Canon PowerShot SX700 Review

on Wednesday, November 12, 2014


Point and shoot ease or full manual control, close-up macro mode, good image stabilisation, decent image quality


Limited autofocus options, no raw capture, 30x zoom limitations at longer extension, no touchscreen, more basic than Panasonic TZ60

As the compact camera market continues to shrink, the outlay of new product seems to be surfing a common theme: zoom is increasing in a war waged with fixed-lens smartphone cameras. The Canon PowerShot SX700 HS - the update to the earlier SX280 HS model - and its jump from a 20x to 30x optical zoom epitomises this trend; the significant bump in spec warranting the jump in model number.
Despite packing more in the lens department, the SX700 avoids considerable waist-line expansion - it's only a little chunkier than its predecessor - and is competitive against the likes of the Panasonic Lumix TZ60 and Sony Cyber-shot HX60.
But is the more considerable zoom lens the right area to focus on? Indeed, does this update make for a less adept camera rather than a more advanced one than before, and does Canon's straightforward approach lack the polish of its nearest competitors? We've been shooting with the Canon SX700 in both sunny Portugal and the rainy UK to see whether it's the king of the travel zoom compacts.


The SX700 HS features a 25-750mm equivalent optical zoom lens, which means a 50 per cent greater reach than the earlier SX280 model. That doesn't come at the expense of a giant body size, as the 34.8mm thickness attests. Only when extending the lens fully does the camera take on a more considerable form on account of the protruding lens, but when switched off it's a pocketable purchase.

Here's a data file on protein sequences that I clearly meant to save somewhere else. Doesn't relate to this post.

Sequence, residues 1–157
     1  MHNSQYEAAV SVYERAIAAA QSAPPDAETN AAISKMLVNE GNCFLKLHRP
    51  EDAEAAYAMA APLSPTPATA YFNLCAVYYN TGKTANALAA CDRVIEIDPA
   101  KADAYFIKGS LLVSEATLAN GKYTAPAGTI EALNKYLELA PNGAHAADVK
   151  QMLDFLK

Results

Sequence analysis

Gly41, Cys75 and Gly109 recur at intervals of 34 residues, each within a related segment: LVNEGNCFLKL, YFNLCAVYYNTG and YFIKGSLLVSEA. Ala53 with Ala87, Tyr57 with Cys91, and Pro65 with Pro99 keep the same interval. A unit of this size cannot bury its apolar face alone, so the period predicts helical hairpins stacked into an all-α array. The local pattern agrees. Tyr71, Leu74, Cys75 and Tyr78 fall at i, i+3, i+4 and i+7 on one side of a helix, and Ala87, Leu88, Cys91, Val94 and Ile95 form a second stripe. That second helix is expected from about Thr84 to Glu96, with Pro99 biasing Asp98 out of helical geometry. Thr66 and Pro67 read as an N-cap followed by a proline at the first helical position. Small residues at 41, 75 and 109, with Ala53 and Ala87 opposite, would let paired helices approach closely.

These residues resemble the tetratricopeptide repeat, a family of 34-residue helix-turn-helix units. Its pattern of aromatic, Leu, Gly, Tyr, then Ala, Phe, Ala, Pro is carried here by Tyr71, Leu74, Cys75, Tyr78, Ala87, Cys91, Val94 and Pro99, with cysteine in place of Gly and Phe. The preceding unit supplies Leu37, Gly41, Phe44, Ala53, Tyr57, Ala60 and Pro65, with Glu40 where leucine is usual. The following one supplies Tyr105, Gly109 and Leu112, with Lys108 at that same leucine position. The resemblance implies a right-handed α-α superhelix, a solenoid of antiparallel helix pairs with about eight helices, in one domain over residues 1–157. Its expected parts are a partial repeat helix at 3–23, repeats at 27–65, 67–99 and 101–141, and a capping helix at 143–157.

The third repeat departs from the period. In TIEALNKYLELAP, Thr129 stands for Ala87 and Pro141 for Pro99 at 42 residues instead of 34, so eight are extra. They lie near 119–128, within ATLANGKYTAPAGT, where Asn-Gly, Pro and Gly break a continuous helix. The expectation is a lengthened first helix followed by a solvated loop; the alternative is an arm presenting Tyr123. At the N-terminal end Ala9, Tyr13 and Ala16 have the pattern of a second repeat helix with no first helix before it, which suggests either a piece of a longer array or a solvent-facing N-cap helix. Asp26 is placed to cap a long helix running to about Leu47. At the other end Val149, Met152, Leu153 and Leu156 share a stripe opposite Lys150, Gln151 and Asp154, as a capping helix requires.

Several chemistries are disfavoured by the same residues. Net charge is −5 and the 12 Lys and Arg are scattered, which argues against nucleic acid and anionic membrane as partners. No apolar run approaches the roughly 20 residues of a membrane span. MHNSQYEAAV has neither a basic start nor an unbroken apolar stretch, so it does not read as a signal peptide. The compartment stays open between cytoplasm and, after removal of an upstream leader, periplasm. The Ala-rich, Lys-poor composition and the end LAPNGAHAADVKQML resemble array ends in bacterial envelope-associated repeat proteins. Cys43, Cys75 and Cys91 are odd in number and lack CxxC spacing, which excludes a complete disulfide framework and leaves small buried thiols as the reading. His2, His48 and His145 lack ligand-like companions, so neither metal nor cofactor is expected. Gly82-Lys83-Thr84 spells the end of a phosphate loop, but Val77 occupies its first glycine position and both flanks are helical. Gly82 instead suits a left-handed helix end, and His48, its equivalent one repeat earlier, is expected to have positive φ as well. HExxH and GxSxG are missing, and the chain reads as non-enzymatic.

In terms of layout and design the SX700 treads a similar path to the SX280 HS, albeit with the inclusion of a protruding front grip to aid a comfortable hold. It sits neatly in the hand, so no complaints on that front.
To the back there's a mode dial positioned towards the edge of the body, while the d-pad offers a rotational control to thumb between settings. Both of these dials are plastic which makes them stick out against the more premium metal body design, not that it affects use. Using the mode dial to switch between shooting modes - whether you want point-and-shoot simplicity or manual controls to make the most of things - is fairly stiff to rotate, but this works to the benefit of not knocking it out of place by accident.
On the rear of the camera is a 3-inch 921k-dot LCD screen for preview and playback which, thanks to its ample resolution, is a step above its predecessor. It seemed bright to view when testing in the UK, but it did struggle with presenting a visible preview in the Portuguese sun.
Unlike the Panasonic Lumix TZ60 there's no viewfinder in Canon's 30x zoom offering, and even though we weren't huge fans of the Panasonic finder, that would have made all the difference in such a sun-lit situation. It's not unusable in such conditions, just difficult to define a precise exposure and accurate framing.

More can mean less

The key reason to bag the SX700 HS is its significant zoom lens. It means wide-angle group shots or far-and-away subjects can be snapped to fill the frame. The toggle around the shutter button on top of the camera glides the lens through its zoom range at a reasonable pace and everything feels sturdy with nothing rattling around.